However, in terms of AI maturity, the financial services sector ranked third from the bottom. The study pointed to the hesitancy in sharing customer’s personal data and the cost of technology as the factors that were hindering AI maturity. This is a matter of concern considering the overall positive outlook AI has from the entire industry. And while it is possible for service providers to supply cost-effective transformation solutions for banks, which would include modernization of phased mainframes, meaningful solutions for issues pertaining to privacy protection as well as meeting the needs of cyber security.
The AI wave to propagate new opportunities
With the AI wave, opportunities will open up for talented workers in the banking sector to engage their skills in different areas, especially with regard to innovation and creativity. Certain roles such as risk management, inclusive growth, creation of new products and services and differentiating experiences, will always require human skills. Organisations will have to pitch in by investing in training workers in new paradigms and deploying employees displaced by AI to fill such newly created roles.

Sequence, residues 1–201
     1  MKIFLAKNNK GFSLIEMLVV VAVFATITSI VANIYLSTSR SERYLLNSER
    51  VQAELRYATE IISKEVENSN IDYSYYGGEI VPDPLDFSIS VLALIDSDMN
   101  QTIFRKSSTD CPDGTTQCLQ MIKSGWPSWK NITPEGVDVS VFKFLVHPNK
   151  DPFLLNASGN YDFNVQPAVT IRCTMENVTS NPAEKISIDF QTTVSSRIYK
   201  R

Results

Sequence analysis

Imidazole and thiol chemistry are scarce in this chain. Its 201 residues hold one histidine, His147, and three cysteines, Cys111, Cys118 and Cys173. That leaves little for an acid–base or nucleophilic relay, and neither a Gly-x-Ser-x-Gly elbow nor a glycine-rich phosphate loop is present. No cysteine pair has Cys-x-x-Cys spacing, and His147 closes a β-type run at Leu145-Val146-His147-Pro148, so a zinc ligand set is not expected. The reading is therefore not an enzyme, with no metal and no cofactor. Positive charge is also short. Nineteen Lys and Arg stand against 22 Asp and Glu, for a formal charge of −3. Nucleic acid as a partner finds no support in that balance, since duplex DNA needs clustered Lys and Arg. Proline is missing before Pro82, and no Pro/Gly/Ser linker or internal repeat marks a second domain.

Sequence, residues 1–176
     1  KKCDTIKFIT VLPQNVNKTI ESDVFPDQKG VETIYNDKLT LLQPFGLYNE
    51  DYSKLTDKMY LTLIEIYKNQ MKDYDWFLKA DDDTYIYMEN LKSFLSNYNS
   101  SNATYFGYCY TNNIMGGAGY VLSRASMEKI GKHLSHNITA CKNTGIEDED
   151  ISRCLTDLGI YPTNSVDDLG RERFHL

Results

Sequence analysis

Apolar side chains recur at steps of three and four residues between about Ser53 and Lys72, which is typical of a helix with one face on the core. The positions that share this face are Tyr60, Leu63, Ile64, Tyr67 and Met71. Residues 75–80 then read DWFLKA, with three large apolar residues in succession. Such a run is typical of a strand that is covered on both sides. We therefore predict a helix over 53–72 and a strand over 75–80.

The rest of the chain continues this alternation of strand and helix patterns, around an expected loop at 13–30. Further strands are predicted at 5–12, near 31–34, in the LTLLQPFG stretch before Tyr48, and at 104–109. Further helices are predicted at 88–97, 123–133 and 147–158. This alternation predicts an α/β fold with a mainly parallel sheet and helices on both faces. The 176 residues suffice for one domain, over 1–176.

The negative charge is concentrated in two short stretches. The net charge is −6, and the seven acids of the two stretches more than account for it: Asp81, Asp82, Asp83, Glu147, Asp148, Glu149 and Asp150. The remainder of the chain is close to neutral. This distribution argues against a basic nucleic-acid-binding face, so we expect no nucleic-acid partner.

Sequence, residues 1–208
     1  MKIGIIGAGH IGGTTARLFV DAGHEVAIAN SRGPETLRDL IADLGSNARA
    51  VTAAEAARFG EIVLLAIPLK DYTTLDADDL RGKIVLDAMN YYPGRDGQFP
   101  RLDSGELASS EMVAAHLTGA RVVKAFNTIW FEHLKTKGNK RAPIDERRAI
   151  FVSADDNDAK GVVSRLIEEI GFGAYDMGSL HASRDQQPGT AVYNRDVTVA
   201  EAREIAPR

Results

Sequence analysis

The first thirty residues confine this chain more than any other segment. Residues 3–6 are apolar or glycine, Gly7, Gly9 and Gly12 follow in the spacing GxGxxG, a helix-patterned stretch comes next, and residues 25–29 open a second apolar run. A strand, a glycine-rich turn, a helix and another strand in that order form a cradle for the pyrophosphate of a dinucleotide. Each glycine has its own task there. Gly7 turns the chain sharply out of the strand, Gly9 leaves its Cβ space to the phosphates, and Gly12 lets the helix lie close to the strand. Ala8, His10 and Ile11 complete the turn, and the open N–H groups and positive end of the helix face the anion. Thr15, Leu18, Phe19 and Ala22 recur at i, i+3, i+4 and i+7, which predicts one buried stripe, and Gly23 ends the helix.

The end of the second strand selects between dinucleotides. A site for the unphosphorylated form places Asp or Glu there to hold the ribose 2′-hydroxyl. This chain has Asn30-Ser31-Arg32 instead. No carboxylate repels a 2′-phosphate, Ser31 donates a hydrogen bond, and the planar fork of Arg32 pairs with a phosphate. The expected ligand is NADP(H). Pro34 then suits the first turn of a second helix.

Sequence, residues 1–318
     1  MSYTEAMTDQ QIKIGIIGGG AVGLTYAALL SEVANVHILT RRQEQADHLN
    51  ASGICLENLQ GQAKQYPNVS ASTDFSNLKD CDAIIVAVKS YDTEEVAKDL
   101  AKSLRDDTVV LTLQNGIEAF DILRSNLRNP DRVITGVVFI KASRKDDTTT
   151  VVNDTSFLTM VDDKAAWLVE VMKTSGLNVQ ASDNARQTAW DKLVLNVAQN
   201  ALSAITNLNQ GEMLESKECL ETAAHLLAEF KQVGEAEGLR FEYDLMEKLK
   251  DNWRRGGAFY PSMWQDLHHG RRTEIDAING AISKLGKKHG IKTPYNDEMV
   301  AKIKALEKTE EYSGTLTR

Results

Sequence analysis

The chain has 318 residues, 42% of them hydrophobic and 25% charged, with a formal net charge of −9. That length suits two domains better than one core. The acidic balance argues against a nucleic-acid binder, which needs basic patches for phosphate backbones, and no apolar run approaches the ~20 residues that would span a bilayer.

AI in banking can take customer experience to a completely new level
In the banking sector, the onus is on customer service—customers being the fulcrum of any bank —and AI can be the much needed solution to be a fore runner in this area. For instance, facial recognition technology software can be a faster and far more accurate tool for authenticating users—10 to 15 times more accurate than human beings. Similarly, AI technology can respond at a greater speed to emails from customers than service agents. It also enhances customer delight through better accuracy, swiftness and even a certain degree of intimacy.